Triple Overhangs 5.10a & Vertical Smile 5.10a
Summit Wall, Lone Peak Cirque
About the Climb
These routes are found on the intimidating Summit Wall, in the Lone Peak Cirque area, and are some of the best in the Wasatch. These steep lines ascend mostly clean cracks and corners, offering long pitches and exposed position.
Triple Overhangs is an extremely good route that follows cracks and corners directly to the top of the Summit Wall. The highlight of the route, as the name suggests, is a series of three roofs on pitch 4, providing amazing exposure and position on perfect granite. This might be one of the best pitches in the Wasatch, and is highly recommended to anyone visiting the area.
Surprinsingly, Triple Overhangs is not too sustained at the grade, and feels more like a 5.8 with only a short section of 5.10a that protects really well. The route has lots of great hand jamming, especially the exquisite 5.8 corner following the roofs on pitch 4. The rock is mostly solid, but the 3rd pitch has a fair amount of loose flakes and gritty rock.
Vertical Smile is another wild route that links remarkably well. It connects cracks and face sections on the right side of the Triple Overhangs. Although rated 5.10a like Triple Overhangs, it is more committing, with technical climbing, sometimes small protection, and slightly runout face sections. This route has an “old school” feel to it and is fairly sustained at the grade.
Vertical Smile shares the first pitch and a half with Triple Overhangs before branching out right into a perfect hand crack. The third pitch is the crux, and is pretty sustained. Expect a technical and wildly exposed thin stemming dihedral. Then, pulling onto the face above will keep things interesting as you search for the next bolts. Some exposed climbing on a beautiful varnished face finally takes you over a wild roof with perfect hand jams.
Lone Peak Cirque sits high above a pristine alpine meadow, where melting snowfields provide the only source of fresh water, so plan accordingly. The approach is fairly long and strenuous, and most parties will want to spend at least one night to camp once up there. Beware of fast moving thunderstorms.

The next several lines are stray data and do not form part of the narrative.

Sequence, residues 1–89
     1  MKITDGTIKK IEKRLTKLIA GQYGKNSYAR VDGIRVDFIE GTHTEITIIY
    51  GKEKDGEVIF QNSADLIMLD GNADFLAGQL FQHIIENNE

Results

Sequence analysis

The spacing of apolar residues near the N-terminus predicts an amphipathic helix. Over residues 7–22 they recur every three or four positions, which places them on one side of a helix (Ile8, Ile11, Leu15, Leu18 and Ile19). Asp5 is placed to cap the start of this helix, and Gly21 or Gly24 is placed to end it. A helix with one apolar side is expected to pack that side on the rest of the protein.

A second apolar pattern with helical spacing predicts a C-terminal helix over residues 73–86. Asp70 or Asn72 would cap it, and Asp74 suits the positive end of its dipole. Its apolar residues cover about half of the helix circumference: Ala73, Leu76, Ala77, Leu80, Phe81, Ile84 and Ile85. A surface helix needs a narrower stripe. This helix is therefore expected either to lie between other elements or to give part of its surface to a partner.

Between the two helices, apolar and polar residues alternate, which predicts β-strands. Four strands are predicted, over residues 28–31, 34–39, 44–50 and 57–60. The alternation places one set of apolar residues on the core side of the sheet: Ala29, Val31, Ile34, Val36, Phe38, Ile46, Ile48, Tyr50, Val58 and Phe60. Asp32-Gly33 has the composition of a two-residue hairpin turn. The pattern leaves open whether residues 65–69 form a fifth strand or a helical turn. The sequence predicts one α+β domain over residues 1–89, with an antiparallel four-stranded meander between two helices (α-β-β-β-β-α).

Both routes are full value, and feature high quality climbing, but if you don't have the time to climb both routes, here is a great combination: start with the first 3 pitches of Vertical Smile, and finish with the last 2 of Triple Overhangs. This makes for a more sustained and very high quality outing, and it won't disapoint. This combination is called Vertical Overhangs.
If the route is busy, your best bet is to climb Center Thumb (5.9), which is an easier alternative. Another good option at a similar grade is to climb the Undone Book (5.9+ R), which takes the next big corner on the right.
Once you reach the top of the Summit Wall, you will follow the descent trail back to the base of the Question Mark Wall. From here, it is also easy to climb another route to fill your day, and take advantage of the wonderful afternoon light that this wall receives. If you have not climbed the Lowe Route (5.8) yet, don't waste your time and get on it. The Answer (5.8) is also a nice variation. If you're looking for something a little more sustained, don't miss the chance to climb Out of the Question (5.10b), which is simply amazing, or the Doomsday Book (5.10b). If you don't feel like getting on another multi-pitch route, check-out the quality Pika Paradise (5.8), a wonderful dihedral.
For other Wasatch multi-pitch climbs at a similar grade, but without the long hike to the Cirque, get on Arm and Hammer (5.11c or 5.10a A0), Black Streak (5.10b), Horns of Satan (5.10b), Precious Lost (5.10a), or Stiffler's Mom (5.11a).